In my travels and lectures I am often asked, and by often I mean many times a day, who I feel the best retailer in US is, and should distributor X and supplier Y sell their wines/ spirits/crafts there?
I would pay attention wineries, suppliers, and distributors. There is going to be a public backlash when the independent grocer and wine retailers continue to suffer from attrition. US consumers want choice, and that choice is being taken away as distributors cut sales forces and focus on high revenue stores. That prom queen focus will eventually kill the small retailer as they will not have access to goods, pricing, and new releases.
Drum roll please… in my opinion, the best retailer of wine in America is Trader Joe’s.
Lets look at the off premise channel as a whole. There are 140,000 independent retailers in America and roughly 2000 combined chain stores. You can then add grocery on top of that segmentation. Industry experts like me often further classify the channels into regional, local, chain, and so on. The reality is that from a winery and distributor perspective; a bottle sold is a bottle sold, and from a consumer perspective, since 8/10 bottles in America sold are “branded” wines, the place of purchase is irrelevant given other equal factors.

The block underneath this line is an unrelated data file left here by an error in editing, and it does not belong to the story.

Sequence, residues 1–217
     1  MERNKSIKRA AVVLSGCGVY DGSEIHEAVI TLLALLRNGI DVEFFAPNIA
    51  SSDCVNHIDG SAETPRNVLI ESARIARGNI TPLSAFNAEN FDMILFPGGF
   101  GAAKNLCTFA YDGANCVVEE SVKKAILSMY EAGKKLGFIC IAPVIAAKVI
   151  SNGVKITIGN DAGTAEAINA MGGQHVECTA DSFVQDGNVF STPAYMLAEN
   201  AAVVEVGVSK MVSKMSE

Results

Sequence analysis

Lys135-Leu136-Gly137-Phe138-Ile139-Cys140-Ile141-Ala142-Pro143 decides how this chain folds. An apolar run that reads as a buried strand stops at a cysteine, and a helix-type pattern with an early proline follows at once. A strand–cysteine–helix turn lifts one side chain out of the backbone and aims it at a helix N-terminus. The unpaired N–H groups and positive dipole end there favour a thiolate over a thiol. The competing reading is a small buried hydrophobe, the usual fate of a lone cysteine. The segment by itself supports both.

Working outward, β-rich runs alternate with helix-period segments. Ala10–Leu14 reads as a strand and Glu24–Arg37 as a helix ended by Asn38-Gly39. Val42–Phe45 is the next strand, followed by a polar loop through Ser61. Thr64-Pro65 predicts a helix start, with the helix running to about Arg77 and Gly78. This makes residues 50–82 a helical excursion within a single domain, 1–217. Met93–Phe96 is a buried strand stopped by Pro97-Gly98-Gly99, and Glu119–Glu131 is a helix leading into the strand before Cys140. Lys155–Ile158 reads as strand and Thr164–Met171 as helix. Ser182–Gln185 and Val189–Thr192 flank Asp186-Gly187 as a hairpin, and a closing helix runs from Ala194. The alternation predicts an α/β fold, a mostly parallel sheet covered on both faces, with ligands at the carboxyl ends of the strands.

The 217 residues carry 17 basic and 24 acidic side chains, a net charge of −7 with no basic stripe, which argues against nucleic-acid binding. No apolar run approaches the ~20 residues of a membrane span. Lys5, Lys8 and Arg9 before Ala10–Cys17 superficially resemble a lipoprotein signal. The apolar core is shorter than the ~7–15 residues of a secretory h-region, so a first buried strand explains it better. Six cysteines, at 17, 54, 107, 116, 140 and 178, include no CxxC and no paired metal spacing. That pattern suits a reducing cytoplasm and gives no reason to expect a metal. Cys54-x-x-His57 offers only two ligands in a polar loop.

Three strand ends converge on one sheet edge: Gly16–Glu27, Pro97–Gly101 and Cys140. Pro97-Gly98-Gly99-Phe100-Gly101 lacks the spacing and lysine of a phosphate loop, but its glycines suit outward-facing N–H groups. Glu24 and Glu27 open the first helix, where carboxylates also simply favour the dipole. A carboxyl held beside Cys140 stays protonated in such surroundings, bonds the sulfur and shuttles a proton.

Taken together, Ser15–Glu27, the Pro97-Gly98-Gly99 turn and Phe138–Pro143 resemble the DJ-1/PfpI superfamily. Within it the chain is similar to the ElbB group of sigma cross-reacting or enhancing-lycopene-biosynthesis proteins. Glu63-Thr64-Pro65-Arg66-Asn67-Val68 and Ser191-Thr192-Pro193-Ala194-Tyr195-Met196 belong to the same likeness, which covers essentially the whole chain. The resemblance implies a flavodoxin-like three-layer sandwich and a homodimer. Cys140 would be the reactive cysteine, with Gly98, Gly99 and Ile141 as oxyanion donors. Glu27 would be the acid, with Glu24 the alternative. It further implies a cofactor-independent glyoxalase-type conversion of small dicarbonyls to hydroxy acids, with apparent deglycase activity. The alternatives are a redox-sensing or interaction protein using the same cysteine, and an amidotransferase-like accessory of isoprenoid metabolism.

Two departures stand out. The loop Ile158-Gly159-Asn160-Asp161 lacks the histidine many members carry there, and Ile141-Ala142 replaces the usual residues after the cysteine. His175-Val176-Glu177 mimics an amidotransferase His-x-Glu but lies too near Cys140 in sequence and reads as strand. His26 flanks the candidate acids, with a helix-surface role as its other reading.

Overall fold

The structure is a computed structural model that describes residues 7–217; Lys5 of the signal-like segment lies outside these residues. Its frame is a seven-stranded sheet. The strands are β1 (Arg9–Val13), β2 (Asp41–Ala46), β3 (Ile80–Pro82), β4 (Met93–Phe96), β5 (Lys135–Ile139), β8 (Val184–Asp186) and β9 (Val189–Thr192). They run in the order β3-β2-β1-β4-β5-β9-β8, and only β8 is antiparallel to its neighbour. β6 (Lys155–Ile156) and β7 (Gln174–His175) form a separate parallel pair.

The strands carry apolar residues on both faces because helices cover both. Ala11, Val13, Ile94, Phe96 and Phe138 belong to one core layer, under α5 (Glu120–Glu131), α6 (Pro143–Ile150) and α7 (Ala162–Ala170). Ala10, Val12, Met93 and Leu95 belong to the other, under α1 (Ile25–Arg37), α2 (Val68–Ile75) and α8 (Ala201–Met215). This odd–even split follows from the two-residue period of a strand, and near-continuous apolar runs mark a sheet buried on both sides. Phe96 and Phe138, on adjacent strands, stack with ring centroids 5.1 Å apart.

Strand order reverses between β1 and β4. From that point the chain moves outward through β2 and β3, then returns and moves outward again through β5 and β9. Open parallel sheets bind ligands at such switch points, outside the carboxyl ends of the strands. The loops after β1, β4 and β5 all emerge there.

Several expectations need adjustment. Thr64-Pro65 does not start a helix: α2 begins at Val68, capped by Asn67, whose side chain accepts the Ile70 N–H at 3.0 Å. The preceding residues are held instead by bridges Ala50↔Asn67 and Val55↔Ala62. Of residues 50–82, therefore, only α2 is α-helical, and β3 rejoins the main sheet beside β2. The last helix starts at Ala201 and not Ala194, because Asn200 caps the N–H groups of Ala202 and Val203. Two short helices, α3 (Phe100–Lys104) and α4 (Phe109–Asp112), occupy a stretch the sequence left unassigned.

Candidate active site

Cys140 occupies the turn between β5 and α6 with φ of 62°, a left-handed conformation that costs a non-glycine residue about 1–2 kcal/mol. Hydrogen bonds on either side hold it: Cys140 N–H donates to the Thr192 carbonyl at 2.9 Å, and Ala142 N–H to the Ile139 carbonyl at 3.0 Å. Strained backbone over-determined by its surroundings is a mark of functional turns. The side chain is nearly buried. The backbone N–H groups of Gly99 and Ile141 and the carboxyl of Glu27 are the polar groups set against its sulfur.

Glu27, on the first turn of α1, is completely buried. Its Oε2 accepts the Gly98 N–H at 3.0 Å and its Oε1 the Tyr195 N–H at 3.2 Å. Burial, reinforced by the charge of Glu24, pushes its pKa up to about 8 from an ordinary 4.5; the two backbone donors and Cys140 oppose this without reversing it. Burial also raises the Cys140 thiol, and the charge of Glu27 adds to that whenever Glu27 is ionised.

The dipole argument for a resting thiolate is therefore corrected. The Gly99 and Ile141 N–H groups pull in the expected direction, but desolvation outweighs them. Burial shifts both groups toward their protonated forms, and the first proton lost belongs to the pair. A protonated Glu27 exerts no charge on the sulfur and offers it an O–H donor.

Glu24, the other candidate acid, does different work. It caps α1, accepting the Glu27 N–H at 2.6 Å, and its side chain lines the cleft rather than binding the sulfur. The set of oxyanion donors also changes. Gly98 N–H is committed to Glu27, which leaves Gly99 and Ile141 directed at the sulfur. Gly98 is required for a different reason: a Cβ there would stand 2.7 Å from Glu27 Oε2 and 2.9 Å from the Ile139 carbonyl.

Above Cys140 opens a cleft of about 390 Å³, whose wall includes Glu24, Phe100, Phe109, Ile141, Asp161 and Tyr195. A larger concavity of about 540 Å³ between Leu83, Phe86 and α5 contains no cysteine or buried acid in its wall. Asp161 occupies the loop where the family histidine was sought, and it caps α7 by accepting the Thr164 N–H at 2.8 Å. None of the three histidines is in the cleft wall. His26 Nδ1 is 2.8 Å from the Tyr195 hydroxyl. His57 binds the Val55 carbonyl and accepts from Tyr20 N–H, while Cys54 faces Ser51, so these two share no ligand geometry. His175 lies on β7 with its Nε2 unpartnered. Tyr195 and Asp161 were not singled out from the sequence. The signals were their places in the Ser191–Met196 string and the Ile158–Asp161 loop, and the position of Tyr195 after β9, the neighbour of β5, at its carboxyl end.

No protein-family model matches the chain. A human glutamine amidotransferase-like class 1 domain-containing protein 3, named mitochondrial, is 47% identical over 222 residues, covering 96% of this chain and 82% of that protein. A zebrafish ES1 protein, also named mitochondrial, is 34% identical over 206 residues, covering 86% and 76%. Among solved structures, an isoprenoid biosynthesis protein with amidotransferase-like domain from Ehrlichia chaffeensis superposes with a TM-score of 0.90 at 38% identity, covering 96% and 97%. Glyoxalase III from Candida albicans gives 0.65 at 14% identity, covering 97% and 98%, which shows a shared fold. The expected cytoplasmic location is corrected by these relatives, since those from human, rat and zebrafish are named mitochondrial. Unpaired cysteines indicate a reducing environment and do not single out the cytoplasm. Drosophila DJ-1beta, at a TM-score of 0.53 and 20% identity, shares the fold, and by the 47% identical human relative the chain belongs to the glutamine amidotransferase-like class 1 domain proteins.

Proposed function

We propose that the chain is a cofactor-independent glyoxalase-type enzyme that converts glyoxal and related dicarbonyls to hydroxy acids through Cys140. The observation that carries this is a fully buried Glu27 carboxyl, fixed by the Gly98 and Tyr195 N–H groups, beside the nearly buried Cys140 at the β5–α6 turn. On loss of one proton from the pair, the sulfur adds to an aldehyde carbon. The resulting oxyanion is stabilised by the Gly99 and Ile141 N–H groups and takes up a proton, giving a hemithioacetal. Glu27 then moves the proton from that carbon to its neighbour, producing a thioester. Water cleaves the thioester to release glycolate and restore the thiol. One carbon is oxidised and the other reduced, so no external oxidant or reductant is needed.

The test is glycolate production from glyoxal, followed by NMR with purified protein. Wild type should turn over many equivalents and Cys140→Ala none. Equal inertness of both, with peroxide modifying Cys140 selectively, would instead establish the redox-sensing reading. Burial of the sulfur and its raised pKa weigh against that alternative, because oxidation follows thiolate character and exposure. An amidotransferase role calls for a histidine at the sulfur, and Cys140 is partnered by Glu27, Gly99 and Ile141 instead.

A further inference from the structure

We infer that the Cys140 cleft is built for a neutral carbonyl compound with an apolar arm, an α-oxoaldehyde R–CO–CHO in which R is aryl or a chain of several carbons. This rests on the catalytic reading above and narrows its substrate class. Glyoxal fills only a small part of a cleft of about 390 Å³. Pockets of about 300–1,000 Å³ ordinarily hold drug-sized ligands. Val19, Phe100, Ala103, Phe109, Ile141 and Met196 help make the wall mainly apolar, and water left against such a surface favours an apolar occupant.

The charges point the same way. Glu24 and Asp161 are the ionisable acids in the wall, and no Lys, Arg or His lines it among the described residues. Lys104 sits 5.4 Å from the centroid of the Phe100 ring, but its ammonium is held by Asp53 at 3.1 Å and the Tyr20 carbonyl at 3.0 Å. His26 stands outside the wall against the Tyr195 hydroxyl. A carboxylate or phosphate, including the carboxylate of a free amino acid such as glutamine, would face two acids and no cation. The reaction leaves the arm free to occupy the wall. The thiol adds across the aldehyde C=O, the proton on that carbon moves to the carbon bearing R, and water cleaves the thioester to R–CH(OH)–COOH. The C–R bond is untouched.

My retailer of the year from a consumer perspective is Trader Joe’s. TJ’s has managed to create a localized experience despite its mass. The non-warehouse store format, the kitchen shirts, and shelf tags all add to the consumer having a hyper local shopper experience.
From a wine/spirit and craft beer experience, it feels like a local liquor and wine shop. That is a huge accomplishment. Looking at the items carried, the pricing, and the selection of craft brews, all look local and hyper local, and for the consumer it implies that TJ’s is your Trader Joe’s.
When looking at the consolidation of the supply chain and the pending death of the independent liquor store, you can point to TJ’s as a model that is truly a big box, chain retailer in an independent retail footprint. All this is done while remaining price competitive, local in appeal, and providing knowledge via shelf talkers and their on site beer and wine people.
Kudos to you TJ’s, I commend your merchandising plan. If I were a supplier or distributor, I would look to TJ’s to sell my goods, as they will be absolved from the big box backlash that will come in the next few years.